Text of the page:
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Difficulties in the PCA 

The recently formed denomination, the Presbyterian Church in America, is having difficulties—judging from recent issues of the Presbyterian Journal. This young denomination originated out of the Southern Presbyterian Church (P.C.U.S.) because of the liberalism in the latter body. Now, however, those who found themselves united against liberalism, find themselves divided as to how to handle the Reformed faith. Although traditionally and confessionally Calvinistic and Reformed, the new denomination is struggling with a wide diversity of views within its own midst. In throwing off the yoke of modernism, it has found that this is no guarantee of unity nor a basis for a continuing Reformed church. At least three of the past issues of the Presbyterian Journal treat the questions. It speaks rather disparagingly of the “TR”—the truly Reformed. These TR’s are presumably a class by themselves in the new denomination who insist on pure Reformed doctrine. And although the magazine and its writers claim to desire that which is Reformed, these would make allowances for those with different views: Pentecostals, Premillennials, Arminians, and others. The question is, can these views live together under one denominational roof? It appears that there are many in the PCA who are of the conviction that this is not only possible, but desirable. Rev. William E. Hill, Jr., in the March 16, 1977, issue writes:

A noted Southern Presbyterian theologian of a bygone generation has given a clear and cogent description of the Reformed faith, and the differences between Arminianism and Calvinism in a little book entitled The Gospel as Taught by Calvin. Dr. R.C. Reed wrote briefly but to the point, and he also sounded a note of warning and caution:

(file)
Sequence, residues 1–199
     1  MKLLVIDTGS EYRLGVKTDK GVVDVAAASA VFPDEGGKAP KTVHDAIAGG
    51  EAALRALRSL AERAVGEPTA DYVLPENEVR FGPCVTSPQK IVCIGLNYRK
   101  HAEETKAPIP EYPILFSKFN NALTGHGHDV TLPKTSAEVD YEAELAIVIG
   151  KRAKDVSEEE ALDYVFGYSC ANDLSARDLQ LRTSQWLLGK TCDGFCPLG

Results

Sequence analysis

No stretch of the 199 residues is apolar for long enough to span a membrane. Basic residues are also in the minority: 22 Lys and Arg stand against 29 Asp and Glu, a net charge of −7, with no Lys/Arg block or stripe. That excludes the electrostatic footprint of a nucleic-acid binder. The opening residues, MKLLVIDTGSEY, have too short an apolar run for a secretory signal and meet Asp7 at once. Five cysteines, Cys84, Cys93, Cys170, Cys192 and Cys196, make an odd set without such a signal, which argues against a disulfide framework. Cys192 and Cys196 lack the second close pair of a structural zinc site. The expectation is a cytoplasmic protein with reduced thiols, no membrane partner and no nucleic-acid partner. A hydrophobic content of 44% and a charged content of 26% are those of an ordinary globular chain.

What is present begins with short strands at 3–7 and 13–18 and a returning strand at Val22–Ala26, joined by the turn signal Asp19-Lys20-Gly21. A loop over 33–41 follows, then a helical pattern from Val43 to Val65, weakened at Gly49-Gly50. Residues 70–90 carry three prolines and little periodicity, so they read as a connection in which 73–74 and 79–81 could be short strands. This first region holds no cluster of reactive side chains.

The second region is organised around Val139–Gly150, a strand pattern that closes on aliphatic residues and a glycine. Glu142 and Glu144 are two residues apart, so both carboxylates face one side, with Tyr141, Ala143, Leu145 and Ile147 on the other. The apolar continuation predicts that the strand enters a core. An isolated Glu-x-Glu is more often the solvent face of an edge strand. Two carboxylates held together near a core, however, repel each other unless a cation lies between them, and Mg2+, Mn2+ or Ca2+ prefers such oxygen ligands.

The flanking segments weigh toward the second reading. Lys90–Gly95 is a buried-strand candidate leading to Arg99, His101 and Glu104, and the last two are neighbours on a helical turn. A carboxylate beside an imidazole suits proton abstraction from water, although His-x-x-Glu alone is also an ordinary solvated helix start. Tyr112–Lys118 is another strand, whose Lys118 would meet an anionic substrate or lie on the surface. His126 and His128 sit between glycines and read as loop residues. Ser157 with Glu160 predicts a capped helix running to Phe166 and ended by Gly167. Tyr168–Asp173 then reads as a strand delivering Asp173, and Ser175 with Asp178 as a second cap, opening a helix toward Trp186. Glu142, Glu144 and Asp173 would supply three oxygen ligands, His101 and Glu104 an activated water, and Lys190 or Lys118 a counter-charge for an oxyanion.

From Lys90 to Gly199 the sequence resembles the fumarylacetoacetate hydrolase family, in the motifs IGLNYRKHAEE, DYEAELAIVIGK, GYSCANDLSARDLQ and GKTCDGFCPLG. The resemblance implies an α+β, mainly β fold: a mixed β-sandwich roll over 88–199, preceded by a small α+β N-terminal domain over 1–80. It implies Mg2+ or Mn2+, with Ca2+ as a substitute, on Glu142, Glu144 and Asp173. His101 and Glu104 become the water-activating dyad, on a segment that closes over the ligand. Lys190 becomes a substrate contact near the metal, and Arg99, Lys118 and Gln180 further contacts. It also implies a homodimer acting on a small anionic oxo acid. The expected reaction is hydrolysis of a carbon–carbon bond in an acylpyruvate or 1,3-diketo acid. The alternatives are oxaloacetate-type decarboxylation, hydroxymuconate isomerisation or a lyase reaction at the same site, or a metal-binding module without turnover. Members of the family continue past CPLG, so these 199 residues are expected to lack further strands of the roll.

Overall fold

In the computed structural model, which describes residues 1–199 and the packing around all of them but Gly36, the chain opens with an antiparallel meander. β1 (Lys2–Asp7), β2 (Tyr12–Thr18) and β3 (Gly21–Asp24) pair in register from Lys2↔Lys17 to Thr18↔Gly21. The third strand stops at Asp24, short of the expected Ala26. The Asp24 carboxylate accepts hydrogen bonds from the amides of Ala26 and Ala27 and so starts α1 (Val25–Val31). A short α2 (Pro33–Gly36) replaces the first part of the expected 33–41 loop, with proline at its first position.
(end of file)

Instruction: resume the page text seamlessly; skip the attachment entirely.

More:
“After all, it is largely a difference touching words and names. Arminians believe that the atonement is limited in its application to those who believe; Calvinists believe nothing more and nothing less. 

“Inasmuch, however, as Calvinists believe that God makes the application, they say the atonement is limited in design as well as application. But there is nothing in their view to prevent their offering Christ to every sinner and assuring him, on the authority of God, that if he will accept, he shall be saved. ‘Ho, every one that thirsteth, come ye to the waters.’ 

“This is good Calvinism; and if anyone holds to a Calvinism that does square with the widest offers of God’s mercy, then he has gotten hold of a spurious : article, and the sooner he flings it away the better.’ ‘Whosoever will, let him take the water of life freely.’ Any so-called Calvinism that does not chime with this sweet Gospel bell deserves to ‘be cast out, and to be trodden under the foot of men.’ 

“We ask for no leniency of judgment on any argument or inference that would tend to make the strait gate straiter, or the narrow way more narrow. Above all things, let us believe that ‘Jesus Christ came into the world to save sinners,’ and that ‘him that cometh to him He will in no wise cast out.'” 

My father, grandfather and great-grandfather, ministers in the Presbyterian Church, warmly embraced the Reformed faith and I fully concur with Dr. Reed’s thesis and warnings as they did. 

. . . Some try to rule out what God is doing through Billy Graham and Campus Crusade, saying they make salvation “too simplistic.” But we should beware lest our presentation becomes too complicated. It may not even touch base with the ordinary fellow, and even dedicated Christians are alienated as well, because they do not understand what the preacher is talking about.

Disagreements between those espousing the Reformed faith and other evangelical conservatives weaken the testimony of the Gospel. Such polarizations are unnecessary. “Reformed” and “evangelical” are not mutually exclusive nor should they be made so.

Or Prof. Jack B. Scott, of the Reformed Theological Seminary in Jackson, Miss., wrote in the Mar. 9, 1977, issue:

Now it pains me to say this, but I almost have come to the point where the term “TR” makes me sick! I don’t mean the concept. I believe that the concept’ of being thoroughly Reformed is a commitment everyone of us should have. I believe every seminary should stand for doctrines that are thoroughly Reformed. But that term “TR” has become heinous to those out in the Church. The two basic reactions to it are fear and laughter.